The blood service sector faces issues with obtaining and retaining loyal donors at one end of its supply chain, a marketing issue, and being efficient and effective in blood and related product delivery to customers at the other end of its supply chain, a supply chain management issue. The purpose of this paper is to present an investigation of these issues and propose the adoption of techniques and technologies from the food processing and retailing sector to address them.
An exploratory case study with the Scottish National Blood Transfusion Service is used to investigate research questions stemming from extant literature.
This study finds that a national blood service can achieve better stock management and resource optimisation and better communication with “input” and “output” stakeholders by implementing information flows and integration throughout the supply and marketing chain. It also finds that a national blood service can convince non‐donors to donate and increase donor relationships and loyalty by ensuring internal marketing takes place with its employees who can then inform external stakeholders through their first‐contact relationships.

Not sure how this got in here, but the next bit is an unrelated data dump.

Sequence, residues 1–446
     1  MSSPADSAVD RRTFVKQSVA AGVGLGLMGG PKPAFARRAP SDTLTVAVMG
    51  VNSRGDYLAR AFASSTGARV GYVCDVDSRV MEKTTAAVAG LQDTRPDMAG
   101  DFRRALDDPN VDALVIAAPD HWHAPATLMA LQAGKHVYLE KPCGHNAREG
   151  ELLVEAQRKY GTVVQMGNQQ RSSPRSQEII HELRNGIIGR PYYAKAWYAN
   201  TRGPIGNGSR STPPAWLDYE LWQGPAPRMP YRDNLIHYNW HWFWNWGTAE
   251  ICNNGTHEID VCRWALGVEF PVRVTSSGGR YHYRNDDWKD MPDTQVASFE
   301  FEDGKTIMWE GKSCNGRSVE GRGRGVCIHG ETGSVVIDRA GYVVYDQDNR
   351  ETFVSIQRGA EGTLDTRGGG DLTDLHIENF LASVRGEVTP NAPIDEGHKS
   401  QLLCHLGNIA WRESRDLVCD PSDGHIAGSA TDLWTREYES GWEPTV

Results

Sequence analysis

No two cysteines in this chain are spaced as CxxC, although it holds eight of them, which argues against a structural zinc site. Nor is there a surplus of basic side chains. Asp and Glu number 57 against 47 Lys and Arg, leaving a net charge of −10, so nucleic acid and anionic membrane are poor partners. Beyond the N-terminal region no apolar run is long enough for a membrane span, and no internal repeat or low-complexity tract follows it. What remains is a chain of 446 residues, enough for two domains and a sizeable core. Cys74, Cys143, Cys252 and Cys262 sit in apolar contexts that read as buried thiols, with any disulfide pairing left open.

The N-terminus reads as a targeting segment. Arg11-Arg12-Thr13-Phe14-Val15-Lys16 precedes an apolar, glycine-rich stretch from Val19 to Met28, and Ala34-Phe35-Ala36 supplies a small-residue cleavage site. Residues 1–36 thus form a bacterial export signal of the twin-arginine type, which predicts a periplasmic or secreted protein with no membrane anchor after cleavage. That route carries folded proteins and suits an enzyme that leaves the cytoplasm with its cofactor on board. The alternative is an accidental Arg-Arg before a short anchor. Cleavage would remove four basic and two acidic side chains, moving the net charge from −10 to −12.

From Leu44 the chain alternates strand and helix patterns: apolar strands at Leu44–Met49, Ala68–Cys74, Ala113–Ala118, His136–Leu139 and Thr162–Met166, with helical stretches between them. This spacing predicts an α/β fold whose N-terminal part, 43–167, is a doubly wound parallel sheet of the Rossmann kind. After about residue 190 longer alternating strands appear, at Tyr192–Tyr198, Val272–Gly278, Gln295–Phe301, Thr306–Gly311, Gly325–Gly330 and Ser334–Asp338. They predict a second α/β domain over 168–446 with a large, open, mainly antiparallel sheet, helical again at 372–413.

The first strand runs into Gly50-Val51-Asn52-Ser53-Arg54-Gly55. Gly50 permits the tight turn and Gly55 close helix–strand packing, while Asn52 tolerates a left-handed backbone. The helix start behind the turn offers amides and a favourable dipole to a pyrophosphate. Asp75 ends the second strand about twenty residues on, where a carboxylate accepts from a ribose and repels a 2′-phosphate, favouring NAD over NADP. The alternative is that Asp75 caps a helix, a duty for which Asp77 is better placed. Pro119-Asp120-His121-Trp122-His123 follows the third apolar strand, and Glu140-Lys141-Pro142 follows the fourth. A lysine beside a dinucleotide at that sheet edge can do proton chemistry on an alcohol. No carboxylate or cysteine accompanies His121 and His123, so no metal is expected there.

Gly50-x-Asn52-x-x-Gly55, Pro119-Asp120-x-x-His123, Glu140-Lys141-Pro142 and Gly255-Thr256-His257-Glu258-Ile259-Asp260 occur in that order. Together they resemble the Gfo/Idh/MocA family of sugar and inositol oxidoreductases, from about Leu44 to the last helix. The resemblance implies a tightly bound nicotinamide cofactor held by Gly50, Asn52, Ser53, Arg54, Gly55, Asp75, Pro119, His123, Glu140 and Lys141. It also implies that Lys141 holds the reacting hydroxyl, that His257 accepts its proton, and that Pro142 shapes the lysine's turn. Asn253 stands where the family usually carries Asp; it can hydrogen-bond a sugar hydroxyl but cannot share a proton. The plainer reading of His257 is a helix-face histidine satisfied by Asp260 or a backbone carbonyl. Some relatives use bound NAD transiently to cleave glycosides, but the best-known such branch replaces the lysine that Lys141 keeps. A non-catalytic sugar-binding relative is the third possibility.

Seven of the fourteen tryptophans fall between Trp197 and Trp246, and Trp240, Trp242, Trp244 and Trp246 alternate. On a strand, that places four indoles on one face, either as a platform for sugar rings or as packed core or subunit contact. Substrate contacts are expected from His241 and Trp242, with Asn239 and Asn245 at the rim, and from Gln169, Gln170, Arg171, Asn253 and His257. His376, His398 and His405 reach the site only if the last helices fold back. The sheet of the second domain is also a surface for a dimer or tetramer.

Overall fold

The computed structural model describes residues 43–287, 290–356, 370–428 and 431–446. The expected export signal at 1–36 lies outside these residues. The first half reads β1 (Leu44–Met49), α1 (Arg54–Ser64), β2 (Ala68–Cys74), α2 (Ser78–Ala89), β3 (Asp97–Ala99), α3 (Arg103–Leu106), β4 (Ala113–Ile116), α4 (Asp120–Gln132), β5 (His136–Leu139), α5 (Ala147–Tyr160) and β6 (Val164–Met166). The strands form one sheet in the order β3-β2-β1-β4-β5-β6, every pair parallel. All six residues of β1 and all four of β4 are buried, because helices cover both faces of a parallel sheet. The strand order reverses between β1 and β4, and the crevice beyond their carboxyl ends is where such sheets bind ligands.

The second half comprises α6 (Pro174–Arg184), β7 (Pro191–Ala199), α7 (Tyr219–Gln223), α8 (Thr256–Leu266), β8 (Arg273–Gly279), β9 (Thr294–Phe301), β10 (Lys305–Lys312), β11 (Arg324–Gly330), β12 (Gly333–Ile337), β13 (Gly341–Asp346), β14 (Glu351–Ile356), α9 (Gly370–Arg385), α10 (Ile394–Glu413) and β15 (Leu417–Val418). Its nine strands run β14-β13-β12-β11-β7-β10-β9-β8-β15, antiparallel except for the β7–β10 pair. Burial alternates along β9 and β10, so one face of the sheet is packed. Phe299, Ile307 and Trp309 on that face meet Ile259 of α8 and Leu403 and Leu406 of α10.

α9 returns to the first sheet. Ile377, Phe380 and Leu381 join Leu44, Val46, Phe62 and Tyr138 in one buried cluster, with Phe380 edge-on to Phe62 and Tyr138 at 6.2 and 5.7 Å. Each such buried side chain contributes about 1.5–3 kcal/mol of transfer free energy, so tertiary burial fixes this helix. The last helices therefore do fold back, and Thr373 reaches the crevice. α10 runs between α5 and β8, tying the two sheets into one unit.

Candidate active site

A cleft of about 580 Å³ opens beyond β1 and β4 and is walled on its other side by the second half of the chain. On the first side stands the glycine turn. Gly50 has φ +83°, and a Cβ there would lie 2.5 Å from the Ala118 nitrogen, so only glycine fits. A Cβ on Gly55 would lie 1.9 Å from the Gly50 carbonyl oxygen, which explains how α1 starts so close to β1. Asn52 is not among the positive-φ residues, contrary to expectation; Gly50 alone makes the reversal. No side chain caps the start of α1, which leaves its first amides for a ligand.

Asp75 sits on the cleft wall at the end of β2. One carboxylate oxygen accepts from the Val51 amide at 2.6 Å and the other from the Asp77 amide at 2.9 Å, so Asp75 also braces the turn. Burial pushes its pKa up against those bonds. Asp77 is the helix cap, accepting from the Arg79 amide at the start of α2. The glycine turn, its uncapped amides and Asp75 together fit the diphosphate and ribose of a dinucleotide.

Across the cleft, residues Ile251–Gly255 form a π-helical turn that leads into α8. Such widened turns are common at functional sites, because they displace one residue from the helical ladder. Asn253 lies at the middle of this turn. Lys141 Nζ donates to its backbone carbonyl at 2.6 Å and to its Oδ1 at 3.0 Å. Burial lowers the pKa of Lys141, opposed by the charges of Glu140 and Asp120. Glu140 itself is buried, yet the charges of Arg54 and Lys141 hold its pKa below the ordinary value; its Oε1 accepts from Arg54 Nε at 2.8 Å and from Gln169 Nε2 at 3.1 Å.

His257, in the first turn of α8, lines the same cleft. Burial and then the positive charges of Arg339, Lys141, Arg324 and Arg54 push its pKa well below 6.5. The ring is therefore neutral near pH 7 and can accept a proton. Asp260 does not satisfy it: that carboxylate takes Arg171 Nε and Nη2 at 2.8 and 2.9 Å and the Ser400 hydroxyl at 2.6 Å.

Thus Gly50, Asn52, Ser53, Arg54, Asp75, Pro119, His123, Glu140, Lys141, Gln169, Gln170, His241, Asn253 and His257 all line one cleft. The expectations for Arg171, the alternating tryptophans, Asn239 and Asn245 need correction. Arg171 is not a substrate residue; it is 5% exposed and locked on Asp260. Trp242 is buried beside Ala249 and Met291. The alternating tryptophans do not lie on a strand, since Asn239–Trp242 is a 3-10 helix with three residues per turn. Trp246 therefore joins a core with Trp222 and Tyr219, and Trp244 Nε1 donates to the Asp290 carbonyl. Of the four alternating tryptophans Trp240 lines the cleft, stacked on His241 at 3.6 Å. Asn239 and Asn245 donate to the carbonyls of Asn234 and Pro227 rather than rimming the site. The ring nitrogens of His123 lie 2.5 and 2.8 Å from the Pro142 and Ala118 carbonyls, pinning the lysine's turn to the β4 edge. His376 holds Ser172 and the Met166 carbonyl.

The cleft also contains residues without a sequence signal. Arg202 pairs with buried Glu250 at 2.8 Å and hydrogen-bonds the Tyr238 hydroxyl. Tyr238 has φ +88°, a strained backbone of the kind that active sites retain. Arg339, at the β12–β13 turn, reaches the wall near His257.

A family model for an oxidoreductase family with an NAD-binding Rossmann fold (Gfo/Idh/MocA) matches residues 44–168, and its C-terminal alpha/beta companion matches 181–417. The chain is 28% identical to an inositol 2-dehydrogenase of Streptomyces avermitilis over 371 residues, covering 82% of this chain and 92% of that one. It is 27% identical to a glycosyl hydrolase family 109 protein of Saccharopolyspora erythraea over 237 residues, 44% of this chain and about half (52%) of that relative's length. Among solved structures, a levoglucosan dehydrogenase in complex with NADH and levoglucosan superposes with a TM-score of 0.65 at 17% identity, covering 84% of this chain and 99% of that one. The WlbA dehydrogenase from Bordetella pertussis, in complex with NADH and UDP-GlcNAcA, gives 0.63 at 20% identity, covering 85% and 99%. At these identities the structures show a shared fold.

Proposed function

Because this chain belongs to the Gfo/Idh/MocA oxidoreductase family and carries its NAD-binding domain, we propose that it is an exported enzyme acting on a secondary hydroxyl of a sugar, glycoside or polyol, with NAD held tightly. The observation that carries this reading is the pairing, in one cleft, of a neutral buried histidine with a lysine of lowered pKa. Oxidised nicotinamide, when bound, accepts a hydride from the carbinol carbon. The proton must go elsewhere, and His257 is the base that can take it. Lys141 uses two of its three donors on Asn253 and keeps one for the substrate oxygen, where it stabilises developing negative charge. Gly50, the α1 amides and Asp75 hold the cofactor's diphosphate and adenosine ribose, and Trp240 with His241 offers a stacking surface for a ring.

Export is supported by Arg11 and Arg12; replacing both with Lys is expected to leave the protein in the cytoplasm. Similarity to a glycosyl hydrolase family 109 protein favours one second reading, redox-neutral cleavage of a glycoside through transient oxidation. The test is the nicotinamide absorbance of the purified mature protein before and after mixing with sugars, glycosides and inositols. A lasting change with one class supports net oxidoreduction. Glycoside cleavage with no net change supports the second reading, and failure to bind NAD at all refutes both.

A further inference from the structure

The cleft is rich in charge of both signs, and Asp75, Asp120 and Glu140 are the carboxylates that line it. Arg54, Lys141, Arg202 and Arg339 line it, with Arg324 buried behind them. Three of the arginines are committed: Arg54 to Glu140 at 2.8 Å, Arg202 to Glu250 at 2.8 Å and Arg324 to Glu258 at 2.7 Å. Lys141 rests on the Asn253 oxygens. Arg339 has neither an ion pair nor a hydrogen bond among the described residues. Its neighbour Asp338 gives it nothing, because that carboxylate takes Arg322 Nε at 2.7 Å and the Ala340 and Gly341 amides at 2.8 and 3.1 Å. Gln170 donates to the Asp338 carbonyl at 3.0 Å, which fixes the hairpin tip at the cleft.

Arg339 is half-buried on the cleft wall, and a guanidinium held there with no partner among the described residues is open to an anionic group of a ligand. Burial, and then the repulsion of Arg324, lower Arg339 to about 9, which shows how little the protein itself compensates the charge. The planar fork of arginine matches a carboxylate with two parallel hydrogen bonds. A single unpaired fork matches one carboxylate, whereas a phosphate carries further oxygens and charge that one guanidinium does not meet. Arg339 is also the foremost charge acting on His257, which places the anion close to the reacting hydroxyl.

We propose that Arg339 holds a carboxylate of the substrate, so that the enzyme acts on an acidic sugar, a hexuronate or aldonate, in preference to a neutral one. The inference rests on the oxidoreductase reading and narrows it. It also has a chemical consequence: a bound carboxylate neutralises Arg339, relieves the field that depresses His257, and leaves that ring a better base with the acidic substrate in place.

This study is exploratory, thus empirical research is limited.
This paper validates primary issues in recruiting and retaining blood donors and making blood supply chains more efficient and effective, and proposes the adoption of techniques and technology from other process sectors to overcome these issues. Thus, European national blood services should benefit from implementing suggestions in this research.
This paper adopts a multi‐disciplinary approach across the marketing and supply chain management disciplines to explore issues usually associated with medical and pure sciences.
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